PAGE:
A recent article posted on Bloomberg Businessweek commented on a new vein of entrepreneurship on the rise. Steve Blank teaches at UC Berkeley’s Haas School of Business, and has developed a unique “learn from failure” course format whereby his students set up businesses and learn from their practical experience. The course looks to be groundbreaking.
The title of the article really peaked my interest. I’m not convinced Mr Blank is saying that a business plan is useless in this “Facebook Age”. But it seems that the premise of the article is that you don’t need to write a business plan before you start a business. That’s my take from it anyway.
If you think about it, this view is not new. Most entrepreneurs hit the ground running hard with a new idea. In my experience, entrepreneurs are “doers” so they get out there and “do”, rather than wait to write a business plan before embarking on their venture. Often this approach works and often it doesn’t.
The Real Value Of Writing A Business Plan
But the real value of writing a business plan comes in when that business venture needs external funding. That’s when the entrepreneur is going to have to buckle down like everyone else, and put their dreams and actions into words and figures. No matter how good they are at building a business, it’s at this point that they need to convince a third party of this very thing. And the only way to do that is with a good old-fashioned business plan.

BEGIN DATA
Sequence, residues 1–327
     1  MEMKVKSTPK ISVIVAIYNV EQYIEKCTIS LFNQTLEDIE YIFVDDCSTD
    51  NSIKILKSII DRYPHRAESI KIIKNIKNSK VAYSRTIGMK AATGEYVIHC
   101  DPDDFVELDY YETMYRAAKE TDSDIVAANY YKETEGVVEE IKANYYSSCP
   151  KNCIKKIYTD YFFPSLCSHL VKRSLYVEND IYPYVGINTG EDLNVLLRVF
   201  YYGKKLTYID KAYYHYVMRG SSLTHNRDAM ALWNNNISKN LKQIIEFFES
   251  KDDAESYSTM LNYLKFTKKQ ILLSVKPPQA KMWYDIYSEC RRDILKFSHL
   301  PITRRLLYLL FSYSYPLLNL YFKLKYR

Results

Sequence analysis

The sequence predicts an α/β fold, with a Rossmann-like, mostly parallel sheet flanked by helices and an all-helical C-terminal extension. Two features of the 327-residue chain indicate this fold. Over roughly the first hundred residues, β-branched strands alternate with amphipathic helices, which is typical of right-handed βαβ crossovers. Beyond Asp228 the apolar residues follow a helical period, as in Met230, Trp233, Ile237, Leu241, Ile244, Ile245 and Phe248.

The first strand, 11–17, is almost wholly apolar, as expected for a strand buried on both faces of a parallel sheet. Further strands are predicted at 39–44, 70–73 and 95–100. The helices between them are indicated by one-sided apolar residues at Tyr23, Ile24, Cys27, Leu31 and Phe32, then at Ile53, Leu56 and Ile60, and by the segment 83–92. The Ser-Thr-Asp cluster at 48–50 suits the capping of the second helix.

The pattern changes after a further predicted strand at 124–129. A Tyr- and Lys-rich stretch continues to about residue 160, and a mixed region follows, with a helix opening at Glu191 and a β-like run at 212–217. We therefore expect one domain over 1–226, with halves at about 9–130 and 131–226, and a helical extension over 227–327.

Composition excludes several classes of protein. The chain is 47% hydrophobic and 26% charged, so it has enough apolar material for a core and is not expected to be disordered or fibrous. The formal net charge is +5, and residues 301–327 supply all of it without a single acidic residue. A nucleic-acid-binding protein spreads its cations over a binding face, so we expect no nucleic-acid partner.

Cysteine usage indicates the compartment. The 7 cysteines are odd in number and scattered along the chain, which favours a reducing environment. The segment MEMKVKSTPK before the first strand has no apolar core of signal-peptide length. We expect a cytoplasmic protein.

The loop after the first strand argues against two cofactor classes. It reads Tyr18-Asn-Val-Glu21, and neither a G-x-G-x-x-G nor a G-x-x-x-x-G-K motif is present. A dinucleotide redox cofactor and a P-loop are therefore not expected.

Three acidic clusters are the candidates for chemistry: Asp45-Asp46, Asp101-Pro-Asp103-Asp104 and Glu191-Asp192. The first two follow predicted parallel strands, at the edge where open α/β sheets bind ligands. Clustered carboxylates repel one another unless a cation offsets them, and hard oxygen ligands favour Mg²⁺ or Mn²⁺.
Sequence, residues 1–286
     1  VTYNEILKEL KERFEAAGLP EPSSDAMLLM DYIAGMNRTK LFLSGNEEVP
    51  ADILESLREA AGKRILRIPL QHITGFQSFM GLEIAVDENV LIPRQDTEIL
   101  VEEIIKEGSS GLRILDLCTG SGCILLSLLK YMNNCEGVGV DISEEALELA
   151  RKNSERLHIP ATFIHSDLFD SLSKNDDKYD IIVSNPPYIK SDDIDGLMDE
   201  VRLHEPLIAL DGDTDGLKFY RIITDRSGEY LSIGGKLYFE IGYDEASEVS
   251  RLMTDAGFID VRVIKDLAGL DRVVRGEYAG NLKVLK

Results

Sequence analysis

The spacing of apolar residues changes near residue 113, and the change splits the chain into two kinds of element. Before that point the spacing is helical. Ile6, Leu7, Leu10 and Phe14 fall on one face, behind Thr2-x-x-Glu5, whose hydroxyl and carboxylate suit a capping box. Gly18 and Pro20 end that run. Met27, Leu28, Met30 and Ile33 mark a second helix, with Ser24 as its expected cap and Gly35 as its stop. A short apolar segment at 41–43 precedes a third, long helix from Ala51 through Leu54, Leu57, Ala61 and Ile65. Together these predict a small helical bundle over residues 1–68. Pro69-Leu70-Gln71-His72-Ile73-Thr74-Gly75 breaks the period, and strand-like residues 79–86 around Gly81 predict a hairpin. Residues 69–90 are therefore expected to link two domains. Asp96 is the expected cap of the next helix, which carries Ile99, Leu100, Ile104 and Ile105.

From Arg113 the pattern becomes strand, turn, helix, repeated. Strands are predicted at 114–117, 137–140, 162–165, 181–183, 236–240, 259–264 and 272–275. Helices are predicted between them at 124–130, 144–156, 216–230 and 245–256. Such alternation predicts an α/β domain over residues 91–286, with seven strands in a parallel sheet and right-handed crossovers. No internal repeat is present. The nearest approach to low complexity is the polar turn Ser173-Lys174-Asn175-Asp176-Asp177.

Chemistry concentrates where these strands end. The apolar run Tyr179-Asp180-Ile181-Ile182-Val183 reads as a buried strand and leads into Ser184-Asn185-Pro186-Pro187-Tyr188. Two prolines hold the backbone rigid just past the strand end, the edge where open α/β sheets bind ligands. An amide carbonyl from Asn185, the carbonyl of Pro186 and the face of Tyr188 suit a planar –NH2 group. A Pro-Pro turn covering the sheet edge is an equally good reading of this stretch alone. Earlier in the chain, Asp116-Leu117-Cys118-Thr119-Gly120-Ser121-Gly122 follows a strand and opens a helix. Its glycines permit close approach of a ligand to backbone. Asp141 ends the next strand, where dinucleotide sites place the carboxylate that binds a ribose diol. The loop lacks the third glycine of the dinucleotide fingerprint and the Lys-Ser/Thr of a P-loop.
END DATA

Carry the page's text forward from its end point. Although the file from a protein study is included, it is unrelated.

Now it may be argued that Mark Zuckerberg never wrote a business plan for facebook. But if he had to get a bank loan, he sure would have had to. And take it from me, when he listed his company he would have paid a small fortune to advisers for the preparation of an Information Memorandum…. Ahem… Excuse me, but that’s just finance talk for a business plan for retail equity investors!
There’s always a place for the business plan
In a traditional sense, I am of the firm view that all businesses need a business plan if they are going to seek funding externally. They are a great idea too, for formulating the forward strategy of a business. While they are not critical if there is no funding being sought, they still have a place. I’m not saying don’t start a business until you’ve written a business plan. I’m just saying that at some point a business plan can add real value by providing a platform for assessing each and every part of the business and the external environment, and using that assessment to enhance and grow your business.
Nothing takes away from the value of practical experience. But there is always a place for the humble business plan. Not least of which is how it can guide your thought process beyond what’s just in front of your nose. Maybe that’s something that today’s business students should bear in mind.